- Even without being believed, magic can change things. It moves invisibly through the air, dissolving the usual ways of seeing, allowing new ways to creep in, secretly, quietly, like a stray cat sliding through the bushes.
Hillary doesn't believe all the mean things she hears about Sara-Kate. Sure, she wears weird clothes and she lives in a dumpy house, but if Sara-Kate's as bad as everyone says, how could she take such good care of the elf village in her backyard? She and Hillary spend hours fixing the tiny stick houses and the miniature Ferris wheel so the elves won't move away. But as Hillary is drawn further into Sara-Kate's world, she learns there are other mysteries besides the elves. Why doesn't anyone ever see Sara-Kate's mother? And why isn't anyone allowed in her house?
Afternoon of the Elves is a children's novel by Janet Taylor Lisle, about unlikely friendship, class differences, the power (and limits) of imagination and ingenuity in the face of poverty, and finding magic in the most unexpected of places (and people). It was a Newbery Medal Honor Book in 1990. Given that the plot pivots on a major twist, expect lots of spoiler text below.
Includes examples of:
- Ambiguous Ending: Was Sara-Kate just lying about the elves the whole time? Despite all the evidence in support of this conclusion, the finale still leaves you with a whisper of doubt. Maybe, just maybe...
- The Artful Dodger: Sara-Kate fancies herself to be a bit of this trope. It backfires in the end.
- Bittersweet Ending: Are Sara-Kate and her mother better off now, even separated and reliant on charity? Hopefully. Could Sara-Kate have held things together forever? No, and she shouldn't have to at her age. But her devastation at the upheaval of their life together is still heartbreaking.
- Consummate Liar: Although she is extremely clever and smooth for her age when deceiving adults, and can come up with a convincing lie so swiftly that even Hillary is impressed, Sara-Kate is still just a child and is unable to deflect outside attention from her strange family situation forever.
- Cool-Kid-and-Loser Friendship: Hillary is a member of one of the cooler cliques in school (they even own matching jackets), and yet she blows off her friends to spend time with Sara-Kate, a perennial delinquent from the wrong side of the tracks.
- Freerange Children: Sara-Kate seems completely free to do whatever she wants. This turns out to be a very dark iteration of the trope - she's free of supervision because her mother is too sick to look after her.
- Jerkass Woobie: On the one hand, Sara-Kate is abrasive, rude, a consummate liar, and a thief. On the other hand, her bleak home life and social isolation are enough to make any sensible reader want to give her a great big hug and a lifetime of square meals and warm beds.
- Living a Double Life: By day, Sara-Kate is an ordinary, rather grubby schoolgirl. But after school, she's the protector of a mysterious village of elves...and caretaker for her ailing mother.
- Loser Friend Puzzles Outsiders: Nobody can figure out why Hillary enjoys Sara-Kate's company, or vice versa, and Hillary's friends and family actively try to pry them apart. Even the girls themselves are a little bewildered by their own friendship, at times, and Sara-Kate's behavior makes the whole mess pretty believable.
- Maybe Magic, Maybe Mundane: Do elves really live in Sara-Kate's backyard? Or is it all an elaborate game she's come up with, to impress the neighbor girl and add a little magic to her unhappy daily life? Unusually for a book in this genre, after a twist that seems to imply the latter answer, the question is actually left unanswered to the very end.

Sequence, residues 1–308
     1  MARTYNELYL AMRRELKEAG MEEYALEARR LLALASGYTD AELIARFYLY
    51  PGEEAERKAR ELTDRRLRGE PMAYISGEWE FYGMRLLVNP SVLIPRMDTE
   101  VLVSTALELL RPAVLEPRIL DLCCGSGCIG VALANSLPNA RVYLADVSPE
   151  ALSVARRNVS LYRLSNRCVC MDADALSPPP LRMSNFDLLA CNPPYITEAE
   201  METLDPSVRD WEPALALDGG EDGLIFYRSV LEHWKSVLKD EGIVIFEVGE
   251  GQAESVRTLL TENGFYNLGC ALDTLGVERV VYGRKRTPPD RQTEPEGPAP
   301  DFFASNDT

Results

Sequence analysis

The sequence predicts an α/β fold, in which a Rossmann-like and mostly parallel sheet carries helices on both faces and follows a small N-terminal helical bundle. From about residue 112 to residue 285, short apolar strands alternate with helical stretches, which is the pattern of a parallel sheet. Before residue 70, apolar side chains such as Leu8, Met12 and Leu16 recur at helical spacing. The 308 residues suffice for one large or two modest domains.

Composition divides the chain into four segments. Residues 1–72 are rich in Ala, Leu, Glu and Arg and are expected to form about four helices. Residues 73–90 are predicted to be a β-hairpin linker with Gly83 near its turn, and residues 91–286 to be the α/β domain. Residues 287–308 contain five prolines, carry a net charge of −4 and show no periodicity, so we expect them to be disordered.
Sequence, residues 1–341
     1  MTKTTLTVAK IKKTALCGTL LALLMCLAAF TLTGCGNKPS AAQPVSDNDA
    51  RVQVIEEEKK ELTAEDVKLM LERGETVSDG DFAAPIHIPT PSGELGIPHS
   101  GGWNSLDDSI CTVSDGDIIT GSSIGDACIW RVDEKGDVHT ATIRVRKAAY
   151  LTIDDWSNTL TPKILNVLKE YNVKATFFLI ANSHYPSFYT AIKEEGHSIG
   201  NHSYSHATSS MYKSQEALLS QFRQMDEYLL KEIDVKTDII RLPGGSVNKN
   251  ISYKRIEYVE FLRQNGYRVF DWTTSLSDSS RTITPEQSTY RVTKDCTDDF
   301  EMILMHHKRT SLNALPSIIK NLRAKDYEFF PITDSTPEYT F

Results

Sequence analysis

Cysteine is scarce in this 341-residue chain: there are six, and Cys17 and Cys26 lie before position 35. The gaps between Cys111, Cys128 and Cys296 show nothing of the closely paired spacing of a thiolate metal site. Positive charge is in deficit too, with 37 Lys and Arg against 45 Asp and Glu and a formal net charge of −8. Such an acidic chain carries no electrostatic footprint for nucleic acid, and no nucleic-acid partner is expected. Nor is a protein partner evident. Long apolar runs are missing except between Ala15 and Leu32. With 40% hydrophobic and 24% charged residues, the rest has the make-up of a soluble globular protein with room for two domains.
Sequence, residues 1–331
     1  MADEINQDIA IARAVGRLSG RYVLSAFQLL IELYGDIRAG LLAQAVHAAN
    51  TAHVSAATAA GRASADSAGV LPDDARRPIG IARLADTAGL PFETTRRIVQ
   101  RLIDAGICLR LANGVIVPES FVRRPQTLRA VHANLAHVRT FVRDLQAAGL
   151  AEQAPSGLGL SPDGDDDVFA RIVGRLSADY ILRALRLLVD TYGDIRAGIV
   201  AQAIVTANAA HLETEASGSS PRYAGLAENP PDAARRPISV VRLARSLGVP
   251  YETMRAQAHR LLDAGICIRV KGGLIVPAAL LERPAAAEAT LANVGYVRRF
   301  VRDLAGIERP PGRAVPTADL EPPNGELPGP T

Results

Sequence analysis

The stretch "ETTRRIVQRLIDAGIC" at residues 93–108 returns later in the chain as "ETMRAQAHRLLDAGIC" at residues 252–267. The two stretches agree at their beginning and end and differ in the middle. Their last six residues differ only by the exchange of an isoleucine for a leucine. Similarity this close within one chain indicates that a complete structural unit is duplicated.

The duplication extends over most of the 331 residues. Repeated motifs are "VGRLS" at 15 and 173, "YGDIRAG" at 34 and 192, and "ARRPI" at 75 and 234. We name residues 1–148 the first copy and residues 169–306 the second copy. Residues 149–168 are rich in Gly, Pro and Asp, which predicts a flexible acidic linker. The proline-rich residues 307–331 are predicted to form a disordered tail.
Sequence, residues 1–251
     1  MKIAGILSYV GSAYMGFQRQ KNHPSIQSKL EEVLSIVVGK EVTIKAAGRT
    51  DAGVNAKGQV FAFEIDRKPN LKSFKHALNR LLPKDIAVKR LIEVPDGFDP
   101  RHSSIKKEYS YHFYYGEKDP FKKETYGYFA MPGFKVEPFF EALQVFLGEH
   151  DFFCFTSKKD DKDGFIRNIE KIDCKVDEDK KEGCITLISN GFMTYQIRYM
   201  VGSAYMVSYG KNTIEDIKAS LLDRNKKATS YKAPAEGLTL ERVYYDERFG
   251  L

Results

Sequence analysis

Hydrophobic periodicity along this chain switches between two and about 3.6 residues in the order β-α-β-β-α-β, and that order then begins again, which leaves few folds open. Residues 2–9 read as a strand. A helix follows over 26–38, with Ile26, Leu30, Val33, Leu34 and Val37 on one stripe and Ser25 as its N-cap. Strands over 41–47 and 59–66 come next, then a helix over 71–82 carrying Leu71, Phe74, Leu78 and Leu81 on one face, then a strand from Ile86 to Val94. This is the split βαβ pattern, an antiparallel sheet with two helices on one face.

- MacGyvering: The elves seem to be experts at this, repurposeing everything from old bottle caps and baking pans to cinderblocks and bicycle wheels. Sara-Kate is also a champion of the art, rearranging the Connolly's entire kitchen and living room into a small multipurpose area that can be more-or-less efficiently heated by the stove to save on utility bills.
- Promotion to Parent: Rather than siblings, Sara-Kate has ended up acting as a mother to her own mother.
- The Reveal: Sara-Kate's mother has grown too sick to care for her daughter (it's implied that she may be clinically depressed, physically ill, or both), and Sara-Kate has been acting as head of the household for nearly a year, doing the shopping and laundry, paying the bills, running errands, and otherwise barely holding their little family together. The potential for adventure here is deeply subverted - their home is a shambles and they can barely keep the electricity on, even in the winter.
- Scavenged Punk: The major aesthetic of the elves' village, combined with a touch of Bamboo Technology. They make a Ferris wheel out of bicycle wheels, popsicle sticks, and wire, and use bottle caps for buckets and a large pan sunk in the ground for a swimming pool. Their actual homes are just twig-and-leaf huts, though.
- Sufficiently Advanced Bamboo Technology: Sara-Kate admonishes Hillary at one point for assuming that the elves are primitive, pointing out that the leaves floating in their swimming pool (which Hillary assumed were simple pool toys) could be solar power collectors for all she knows.
- Tragic Dropout: Sara-Kate stops attending school partway through the book when her mother's health takes a nosedive, requiring more constant care. She forges a note for her teachers, claiming they're out of town for a while.
- Troubling Unchildlike Behavior: Although she prefers to think of herself as wise beyond her years, Sara-Kate frequently verges on this.